Beaver, 1889

To the Editors of the Recorder:

I spent last week in the Richwood and Beaver Lick neighborhoods.  . . .

The “Griffith Boys” own a fine farm adjoining the town of Beaver.  They are thrifty, industrious farmers and were for many years in fine hogs.  They are all married now but one, and madam rumor says he soon will be, because he is building a new house.


Just opposite the Griffith farm is the “Suddeth place,” where J. C. Hughes lives.  For many years, Mr. H. was a fancier and raiser of fine cattle and sheep.  He now devotes much of his time to handling tobacco.  His house sits back from the road in the midst of a forest of White Oak and Walnut.  I called there but he was not at home.  The place, however, was not deserted, for a red squirrel sat on the comb of the roof, cutting a walnut, while two or three others played around the porch, keeping guard as it were.

I staid some time in Beaver, because it is a good place to see the neighboring farmers.  Beaver is the fabled town under the hill.  You come upon it unawares and if not careful, will pass through without knowing that you have been there.  For all that it is a town of small proportions in size only.  It is a good business point, as is evidenced by the fact that John Sleet has grown rich there and with his brothers is still doing a good business at the old stand.  Beaver used to be known as a hard town, and it did have a criminal record which was rather unsavory.  That was in the days when whiskey was sold there and before a Methodist Chapel was built just out of town.  Local option and Methodism have done their work and Beaver sets an example today which other towns in the county would do well to follow.  I met a Mr. Polly here who told me that he used to write for the Recorder occasionally.  He says he has given up versification and turned his attention to blacksmithing, because the latter yields more substantial returns.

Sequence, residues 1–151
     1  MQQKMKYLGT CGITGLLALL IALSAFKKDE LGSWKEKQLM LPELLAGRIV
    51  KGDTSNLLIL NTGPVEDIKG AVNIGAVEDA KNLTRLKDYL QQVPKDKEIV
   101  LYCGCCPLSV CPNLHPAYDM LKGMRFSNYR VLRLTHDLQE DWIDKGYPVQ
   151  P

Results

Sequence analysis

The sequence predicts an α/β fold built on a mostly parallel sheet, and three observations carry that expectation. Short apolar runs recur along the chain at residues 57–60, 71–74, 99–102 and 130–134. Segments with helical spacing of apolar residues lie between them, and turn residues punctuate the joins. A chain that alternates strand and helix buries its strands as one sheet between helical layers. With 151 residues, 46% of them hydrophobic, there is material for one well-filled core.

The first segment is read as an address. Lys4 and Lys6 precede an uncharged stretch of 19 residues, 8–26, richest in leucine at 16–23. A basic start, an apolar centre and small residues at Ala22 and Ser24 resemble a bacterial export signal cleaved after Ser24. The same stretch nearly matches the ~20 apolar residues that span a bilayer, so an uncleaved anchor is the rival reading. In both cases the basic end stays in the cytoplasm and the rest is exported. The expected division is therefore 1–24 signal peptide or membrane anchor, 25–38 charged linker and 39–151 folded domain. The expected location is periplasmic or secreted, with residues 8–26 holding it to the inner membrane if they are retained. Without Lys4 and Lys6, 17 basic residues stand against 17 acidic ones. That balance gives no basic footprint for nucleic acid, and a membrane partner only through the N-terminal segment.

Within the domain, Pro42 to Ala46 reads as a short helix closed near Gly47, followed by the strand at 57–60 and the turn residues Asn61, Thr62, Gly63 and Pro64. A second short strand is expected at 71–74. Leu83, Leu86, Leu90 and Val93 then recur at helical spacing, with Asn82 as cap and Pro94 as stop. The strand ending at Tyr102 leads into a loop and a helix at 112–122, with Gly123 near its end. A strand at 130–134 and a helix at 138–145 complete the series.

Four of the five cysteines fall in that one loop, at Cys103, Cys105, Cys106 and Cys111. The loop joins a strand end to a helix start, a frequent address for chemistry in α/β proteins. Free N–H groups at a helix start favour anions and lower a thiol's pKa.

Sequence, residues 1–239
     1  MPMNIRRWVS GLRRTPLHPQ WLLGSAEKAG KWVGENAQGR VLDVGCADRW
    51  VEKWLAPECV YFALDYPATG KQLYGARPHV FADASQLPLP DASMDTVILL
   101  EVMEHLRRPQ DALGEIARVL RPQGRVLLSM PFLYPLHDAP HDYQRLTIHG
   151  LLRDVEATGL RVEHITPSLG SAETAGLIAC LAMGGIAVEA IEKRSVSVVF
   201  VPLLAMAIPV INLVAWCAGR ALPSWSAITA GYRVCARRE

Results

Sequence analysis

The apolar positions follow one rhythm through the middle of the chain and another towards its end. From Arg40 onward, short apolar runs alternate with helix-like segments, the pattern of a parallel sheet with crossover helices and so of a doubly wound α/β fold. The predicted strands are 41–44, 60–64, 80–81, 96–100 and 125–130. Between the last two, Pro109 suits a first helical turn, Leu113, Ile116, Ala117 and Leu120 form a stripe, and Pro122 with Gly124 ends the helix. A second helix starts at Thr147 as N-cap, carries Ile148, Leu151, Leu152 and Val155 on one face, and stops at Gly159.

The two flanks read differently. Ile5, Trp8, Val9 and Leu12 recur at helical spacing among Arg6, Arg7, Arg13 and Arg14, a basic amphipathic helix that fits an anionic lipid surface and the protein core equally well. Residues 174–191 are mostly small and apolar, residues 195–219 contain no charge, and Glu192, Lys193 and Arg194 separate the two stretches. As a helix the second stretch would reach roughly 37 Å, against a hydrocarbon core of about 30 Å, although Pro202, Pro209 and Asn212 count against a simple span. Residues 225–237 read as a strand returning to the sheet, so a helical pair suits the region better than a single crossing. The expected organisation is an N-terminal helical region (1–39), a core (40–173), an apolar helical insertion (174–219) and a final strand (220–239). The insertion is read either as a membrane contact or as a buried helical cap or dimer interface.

From Beaver I went over on Mudlick, into the very heart of the country which grows the “Mudlick Toughs” of recent notoriety.  I expected to meet a hard set, but was agreeably disappointed.  The land here is very much broken, and the roads miserable, but with these exceptions I find this neighborhood in no wise different from other parts of the county, except, perhaps the people give the stranger here a more hearty welcome to their blazing wood fires and well supplied tables.  So after a full investigation I am constrained to think them “more sinned against than sinning,” and while here I had the pleasure of meeting Mr. Dempsey. 


from the Boone County Recorder, December 4, 1889